Delays and long waits are things one learns to deal with very early on when living in Haiti. They have a way of making you feel very helpless and insignificant and can be a great excersize in faith when things are out of your own control.
Keep us in your prayers as Haiti is gearing up for a second try at a presidential election in a little more then a week. There is a lot of potential for instability and violence depending on how things turn out.
Pray that we will all have the patience and grace to deal with frustrating circumstances the way that Jesus would and leave the battle in his hands.
Monday, September 19, 2016
Friday, September 9, 2016
As we were leaving a birth on Sunday night/Monday morning, one of the guys that was staying with another patient asked "Do you guys ever Sleep?".
That's exactly how I felt that night. The laboring mother wasn't progressing as fast as we would've liked, Kayla and I were both extremely tired, and the mother was been very unreasonable with anything we asked her to do. She was very fearful because her 1st and only child had died when it was only 1 month old. We asked her if we could pray with her, and she agreed. We asked God to do a miracle and bring a healthy baby safely and speedily into this world.
Finally at 1:05am the baby made its appearance into the world with his cord wrapped around his arm, then yet again around his neck. We thanked God for yet another miracle.
A cot has just arrived-the patient has been having diarrhea and vomiting since this morning, and is very dehydrated. Yes, it's cholera. We've gotten a lot of them from two different areas. It continues to amaze me how fast a person snaps back to normal when you get an IV running into them. You can join us in praying that the cholera wouldn't keep spreading. It can fast become a epidemic.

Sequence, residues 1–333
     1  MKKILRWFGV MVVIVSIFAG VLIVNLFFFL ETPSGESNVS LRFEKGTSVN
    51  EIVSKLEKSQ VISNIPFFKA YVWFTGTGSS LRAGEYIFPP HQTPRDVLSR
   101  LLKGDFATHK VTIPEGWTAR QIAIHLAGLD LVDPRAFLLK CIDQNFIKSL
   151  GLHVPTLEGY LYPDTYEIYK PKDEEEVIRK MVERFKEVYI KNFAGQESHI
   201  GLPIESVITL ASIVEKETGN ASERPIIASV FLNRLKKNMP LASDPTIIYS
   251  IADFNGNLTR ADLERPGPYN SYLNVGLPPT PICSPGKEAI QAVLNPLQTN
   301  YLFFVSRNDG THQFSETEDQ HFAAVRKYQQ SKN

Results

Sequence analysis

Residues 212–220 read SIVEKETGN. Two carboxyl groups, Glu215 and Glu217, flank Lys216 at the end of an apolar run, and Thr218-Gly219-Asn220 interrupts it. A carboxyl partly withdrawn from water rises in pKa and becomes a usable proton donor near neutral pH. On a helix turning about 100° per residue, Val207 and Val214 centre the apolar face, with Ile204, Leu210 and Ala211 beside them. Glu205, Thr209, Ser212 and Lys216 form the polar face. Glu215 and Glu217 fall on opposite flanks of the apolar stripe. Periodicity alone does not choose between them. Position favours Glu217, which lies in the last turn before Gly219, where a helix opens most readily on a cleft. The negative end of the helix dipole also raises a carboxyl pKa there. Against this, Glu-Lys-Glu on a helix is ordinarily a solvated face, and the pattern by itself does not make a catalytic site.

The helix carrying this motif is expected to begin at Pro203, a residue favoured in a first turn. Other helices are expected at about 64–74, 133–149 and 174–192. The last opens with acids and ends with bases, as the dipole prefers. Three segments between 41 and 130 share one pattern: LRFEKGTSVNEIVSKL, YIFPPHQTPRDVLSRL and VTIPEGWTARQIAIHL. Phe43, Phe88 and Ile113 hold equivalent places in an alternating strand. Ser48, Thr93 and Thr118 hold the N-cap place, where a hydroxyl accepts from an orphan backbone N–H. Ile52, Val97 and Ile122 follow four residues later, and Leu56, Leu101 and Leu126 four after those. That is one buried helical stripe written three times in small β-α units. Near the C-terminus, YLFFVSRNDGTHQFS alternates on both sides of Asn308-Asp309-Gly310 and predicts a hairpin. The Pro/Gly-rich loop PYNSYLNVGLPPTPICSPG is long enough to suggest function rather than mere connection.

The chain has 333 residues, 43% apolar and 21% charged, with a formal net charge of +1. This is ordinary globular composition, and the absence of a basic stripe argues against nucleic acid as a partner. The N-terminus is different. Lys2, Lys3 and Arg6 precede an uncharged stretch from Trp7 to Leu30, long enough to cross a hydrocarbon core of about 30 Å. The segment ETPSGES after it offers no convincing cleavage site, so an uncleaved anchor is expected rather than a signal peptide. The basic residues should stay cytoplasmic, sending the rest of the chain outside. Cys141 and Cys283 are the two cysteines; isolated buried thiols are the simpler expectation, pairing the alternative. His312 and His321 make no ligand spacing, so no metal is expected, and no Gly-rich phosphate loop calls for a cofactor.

Mis Leda was working when this young 15 year old boy arrived. His mother says that he fell into the fire when she was out in town, and nobody took care the burn till they brought him to us. The smell was awful, and the maggots were sticking their little heads out all over the place. We cleaned it three times before we transferred him out to a bigger hospital.
Wednesday, September 7, 2016
No matter what happens God IS Good ALL the Time! I sit here on my bed when I should really be sleeping, it's 10:30pm! I am very tired, but inspired to write. My exhaustion is more emotional than physical though. You can feel so drained after you've done all you can do for a sick baby and it still doesn't fix it; then you have to go talk to some patient's family members about your policy of how many people can stay at the hospital overnight and they don't listen! "Lord please give me patience for the moment and wisdom for what to say next!" You have a very busy clinic day and on your way back to the compound children are asking favors and all you want to to is get alone to rest and think.
We have had a very busy week, large clinic days, emergencies and a couple births! In 3 days time we had two helicopter transports. The first Saturday morning for a young man of 21 who had fallen down the mountain on his way home Friday afternoon; from what we could tell he had a fracture on the left side of his pelvis, and two possible fractures in his right arm. Then Sunday late afternoon a 55 year old woman showed up on a cot with a very swollen right thigh telling me her leg was broken. She had been climbing in a mango tree and a branch broke, causing her to fall. Hans admonished her she should have a younger person climb the mango trees. :-) Yes, we agreed her leg was broken and praise the Lord Monday morning was beautifully clear and we were able to fly her out.